Badbury Rings

Badbury is a strong candidate for the location of Arthur’s battle of Baddon. It is a large Iron Age hillfort located at the intersection of Roman roads. These connect it to Poole Harbour, the Ridgeway, Salisbury (Sorbiodunum) and Dorchester (Durnovaria). The entries for Cerdic and Cynric in the Anglo-Saxon Chronicle suggest it would have been an area fought over by the emerging kingdom of Wessex. It is close to the Roman military base at Hod Hill which is next to the River Stour and used the port at Hengistbury Head.

An archaeological excavation took place at Badbury in 2004. Besides the expected material from the Iron Age, the finds included a late Roman bronze spiral ring on a chalk floor which had charcoal, all three samples of which were dated to the period 480 to 520.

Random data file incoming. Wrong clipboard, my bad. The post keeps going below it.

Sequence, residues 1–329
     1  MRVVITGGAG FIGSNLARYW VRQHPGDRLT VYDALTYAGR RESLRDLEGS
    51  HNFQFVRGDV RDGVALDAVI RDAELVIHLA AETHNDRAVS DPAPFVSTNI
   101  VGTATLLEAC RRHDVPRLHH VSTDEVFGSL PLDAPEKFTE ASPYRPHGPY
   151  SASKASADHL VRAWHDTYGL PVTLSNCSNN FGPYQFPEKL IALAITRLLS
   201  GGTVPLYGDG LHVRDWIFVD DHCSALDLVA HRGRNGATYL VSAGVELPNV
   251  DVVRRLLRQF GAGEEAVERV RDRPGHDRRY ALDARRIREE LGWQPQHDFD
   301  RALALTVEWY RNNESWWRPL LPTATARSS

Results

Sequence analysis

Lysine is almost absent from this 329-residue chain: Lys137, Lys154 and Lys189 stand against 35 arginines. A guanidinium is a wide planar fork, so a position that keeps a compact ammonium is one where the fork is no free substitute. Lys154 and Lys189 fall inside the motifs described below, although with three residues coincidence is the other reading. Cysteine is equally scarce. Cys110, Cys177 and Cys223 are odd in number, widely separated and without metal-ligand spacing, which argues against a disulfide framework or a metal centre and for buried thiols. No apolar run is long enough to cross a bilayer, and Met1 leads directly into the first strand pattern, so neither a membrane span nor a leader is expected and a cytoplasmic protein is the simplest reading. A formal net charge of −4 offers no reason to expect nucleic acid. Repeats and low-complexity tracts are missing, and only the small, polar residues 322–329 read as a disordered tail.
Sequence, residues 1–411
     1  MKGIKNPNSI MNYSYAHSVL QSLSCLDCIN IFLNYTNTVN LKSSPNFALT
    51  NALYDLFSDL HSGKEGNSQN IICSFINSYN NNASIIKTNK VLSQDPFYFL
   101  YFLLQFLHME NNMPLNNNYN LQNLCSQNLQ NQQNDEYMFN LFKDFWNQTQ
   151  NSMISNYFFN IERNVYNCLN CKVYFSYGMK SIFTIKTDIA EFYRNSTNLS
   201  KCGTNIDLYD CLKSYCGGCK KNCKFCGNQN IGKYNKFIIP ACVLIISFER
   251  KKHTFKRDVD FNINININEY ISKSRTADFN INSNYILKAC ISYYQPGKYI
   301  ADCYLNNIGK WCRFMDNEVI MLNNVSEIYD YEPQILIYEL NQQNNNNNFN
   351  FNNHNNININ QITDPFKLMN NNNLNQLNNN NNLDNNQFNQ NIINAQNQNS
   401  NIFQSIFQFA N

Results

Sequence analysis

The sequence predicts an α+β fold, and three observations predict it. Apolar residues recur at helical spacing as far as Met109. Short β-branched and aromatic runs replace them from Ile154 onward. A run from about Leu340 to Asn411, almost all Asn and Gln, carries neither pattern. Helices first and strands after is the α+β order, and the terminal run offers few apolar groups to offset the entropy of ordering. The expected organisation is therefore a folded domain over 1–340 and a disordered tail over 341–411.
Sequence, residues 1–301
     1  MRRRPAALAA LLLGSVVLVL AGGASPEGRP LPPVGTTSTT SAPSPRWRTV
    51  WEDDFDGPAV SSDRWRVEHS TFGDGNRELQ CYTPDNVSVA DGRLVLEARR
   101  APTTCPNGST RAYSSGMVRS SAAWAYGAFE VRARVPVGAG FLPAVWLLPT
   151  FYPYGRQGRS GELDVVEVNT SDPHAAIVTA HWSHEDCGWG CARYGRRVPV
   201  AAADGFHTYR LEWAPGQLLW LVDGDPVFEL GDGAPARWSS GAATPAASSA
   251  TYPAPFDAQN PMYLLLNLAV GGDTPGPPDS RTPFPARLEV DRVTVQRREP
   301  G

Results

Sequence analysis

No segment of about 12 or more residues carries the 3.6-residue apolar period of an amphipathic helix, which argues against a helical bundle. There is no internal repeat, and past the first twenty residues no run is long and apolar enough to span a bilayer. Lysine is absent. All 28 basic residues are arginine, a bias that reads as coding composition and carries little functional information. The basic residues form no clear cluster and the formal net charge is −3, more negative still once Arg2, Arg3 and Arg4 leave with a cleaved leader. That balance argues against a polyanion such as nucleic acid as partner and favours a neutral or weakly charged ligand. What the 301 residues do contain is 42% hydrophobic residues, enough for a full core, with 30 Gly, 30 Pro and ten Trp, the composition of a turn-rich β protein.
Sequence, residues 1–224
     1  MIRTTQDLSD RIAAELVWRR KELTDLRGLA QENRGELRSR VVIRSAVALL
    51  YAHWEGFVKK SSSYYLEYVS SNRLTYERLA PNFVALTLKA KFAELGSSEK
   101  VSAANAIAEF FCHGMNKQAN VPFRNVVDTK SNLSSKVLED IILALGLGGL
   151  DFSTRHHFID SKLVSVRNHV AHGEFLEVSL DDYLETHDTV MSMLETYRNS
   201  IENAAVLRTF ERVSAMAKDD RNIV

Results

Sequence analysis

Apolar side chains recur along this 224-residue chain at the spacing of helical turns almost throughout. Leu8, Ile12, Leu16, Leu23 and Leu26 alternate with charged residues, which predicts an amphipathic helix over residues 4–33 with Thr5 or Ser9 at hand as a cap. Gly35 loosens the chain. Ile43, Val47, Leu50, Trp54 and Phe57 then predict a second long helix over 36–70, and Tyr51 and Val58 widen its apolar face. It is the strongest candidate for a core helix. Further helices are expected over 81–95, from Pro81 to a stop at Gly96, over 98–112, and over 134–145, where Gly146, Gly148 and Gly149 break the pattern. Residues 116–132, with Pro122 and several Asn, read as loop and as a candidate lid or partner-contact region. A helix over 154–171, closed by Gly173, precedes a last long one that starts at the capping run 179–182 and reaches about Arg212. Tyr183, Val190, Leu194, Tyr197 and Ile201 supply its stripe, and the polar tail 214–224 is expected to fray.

A site close to Badbury rings has been identified with the name Vindocladia which appears in the Antonine Itinerary. Finds discovered there indicate it was a Romano-Celtic temple. The structues religious purpose was first identified in 1975 by Bryan Pybus. Its location is identified below.

Martin Papworth. 2014, Proceedings of the Dorset Natural History & Archaeological Society Vol. 135

National Trust Heritage Records

This may well have been dedicated to the goddesses Badones Reginae as they have been identified with the name Mons Badonicus.[1] There is a votive inscription from Apulum, that is modern day Alba Iulia in Romania, with their names, see below.

Epigraphic Database Heidelberg

[1] Szabó, C., Boda, I., 2019, 11.